Effective leadership drives the success of any great organization. In independent schools the board of trustees and the head of school set the tone. A strong working relationship between the board chair and the head of school is critical for a school's success. This year, members will have the opportunity to deepen this critical relationship at the 2014 SAIS Board/Head Retreat, which will be held October 18, 10:00 AM-4:00 PM, at the Crowne Plaza Ravinia in Atlanta, GA. The retreat will precede the SAIS Annual Conference.
This year's retreat will feature psychologists Dr. Rob Evans and Dr. Michael Thompson along with SAIS President Steve Robinson.
Evans is the executive director of The Human Relations Service in Wellesley, MA. He has consulted with more than 1,700 schools in the United States and abroad, and is the author of three books, including The Human Side of School Change. Thompson has also consulted schools nationwide and is the co-author of the New York Times best-seller Raising Cain: Protecting the Emotional Life of Boys, and the author of Homesick and Happy: How Time Away from Parents Can Help a Child Grow. Topics of discussion will include governing schools in the age of anxiety, board management and the chair’s responsibility, keeping the board focused, and maintaining a healthy relationship with the head.
Robinson has written numerous papers on the topic of board/head relationships. He has also led workshops, and worked one-on-one with countless leaders. He says the board chair and head should understand the mission of the school and their roles in the leadership structure. A school’s board defines the school’s mission and drives its growth by managing the financial resources and strategic planning. Meanwhile the head guides day-to-day operations, raises the school’s profile in the community through service and fundraising, and keeps the board connected to the campus, alerting the chair to trends or issues. The board should train new members in their role, and only the board chair should act as the point person when communicating with the head.
Robinson says that a great board chair/head relationship should be approached with the same care and respect as a marriage. He suggests that board chairs and heads should focus on three key ingredients when building their relationship: maintaining a common purpose, excellent communication, and respect. Plus it is important for all parties to maintain a service mentality. They should continuously reflect and refocus on their primary goal, making decisions based on what is best for the school’s students.
Evans has written and spoken widely about the most effective strategic planning methods for school boards. He says boards cannot approach strategic planning for schools in the same way they do businesses. He lists three reasons that this process can fall short in today’s school environment. (“The Case Against Strategic Planning,” Independent School, Fall 2007) First, the world is changing too quickly to plan for every contingency; leaders simply cannot know every issue they will face in the near future. Those who spend long periods planning may find that when they emerge there are different issues to address. Second, strategic plans are often data-driven, and while data is an important component, many of a school’s strengths are difficult to measure. School environments are personal, idiosyncratic, situational, and dependent on relationships. Third, strategic plans can fail because they assume that a rational sequence of analysis, planning, and recommendations, will lead to action. In his research, Evans has found that strategic plans often result in large volumes of goals that are never realized. This is because schools are developmental undertakings; they are not a simple service provider, or product manufacturer, but an organization dealing with students and families whose needs change over time. There is a delicate human side that must be considered in every strategic undertaking. As Peter Drucker said, “Culture eats strategy for lunch.”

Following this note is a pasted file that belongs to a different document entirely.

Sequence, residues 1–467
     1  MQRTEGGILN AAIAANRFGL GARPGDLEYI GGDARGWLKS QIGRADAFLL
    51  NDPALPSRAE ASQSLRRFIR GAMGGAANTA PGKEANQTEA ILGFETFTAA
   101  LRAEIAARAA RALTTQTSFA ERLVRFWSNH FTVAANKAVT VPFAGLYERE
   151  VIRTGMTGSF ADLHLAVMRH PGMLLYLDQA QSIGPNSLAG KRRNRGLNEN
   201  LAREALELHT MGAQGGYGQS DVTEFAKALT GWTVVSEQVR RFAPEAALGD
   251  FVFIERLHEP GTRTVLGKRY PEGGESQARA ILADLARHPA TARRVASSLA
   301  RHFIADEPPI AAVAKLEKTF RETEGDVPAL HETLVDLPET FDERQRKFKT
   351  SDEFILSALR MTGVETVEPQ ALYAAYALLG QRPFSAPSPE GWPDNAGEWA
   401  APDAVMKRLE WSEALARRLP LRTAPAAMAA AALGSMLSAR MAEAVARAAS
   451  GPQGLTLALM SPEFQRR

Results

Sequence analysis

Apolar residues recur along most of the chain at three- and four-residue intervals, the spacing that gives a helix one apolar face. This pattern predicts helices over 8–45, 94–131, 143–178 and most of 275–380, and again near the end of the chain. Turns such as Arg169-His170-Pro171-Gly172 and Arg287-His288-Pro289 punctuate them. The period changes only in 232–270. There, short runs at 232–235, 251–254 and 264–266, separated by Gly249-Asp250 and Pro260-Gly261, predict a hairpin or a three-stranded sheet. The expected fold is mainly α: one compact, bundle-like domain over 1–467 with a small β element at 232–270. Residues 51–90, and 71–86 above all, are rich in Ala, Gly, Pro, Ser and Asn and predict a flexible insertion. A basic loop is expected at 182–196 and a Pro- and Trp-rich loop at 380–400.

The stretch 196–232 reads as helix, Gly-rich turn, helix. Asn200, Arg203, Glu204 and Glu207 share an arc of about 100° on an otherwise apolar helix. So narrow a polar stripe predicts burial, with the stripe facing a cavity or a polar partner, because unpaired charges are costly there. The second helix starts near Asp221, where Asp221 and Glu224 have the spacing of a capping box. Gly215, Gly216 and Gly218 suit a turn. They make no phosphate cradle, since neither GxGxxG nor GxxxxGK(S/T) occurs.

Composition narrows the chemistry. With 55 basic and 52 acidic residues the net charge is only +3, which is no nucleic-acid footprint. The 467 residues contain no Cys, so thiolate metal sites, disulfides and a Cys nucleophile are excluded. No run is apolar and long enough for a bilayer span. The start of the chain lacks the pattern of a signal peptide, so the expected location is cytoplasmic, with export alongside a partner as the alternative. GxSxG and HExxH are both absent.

Evans suggests that instead of "strategic planning" boards should pursue "strategic thinking." This mindset “sees planning as a journey, not a destination; an outline, not a blueprint.” Strategic thinking provides a flexible approach to key challenges. It favors plans that are simple and focus on specific targets over a short period of time. These plans are also easier to implement.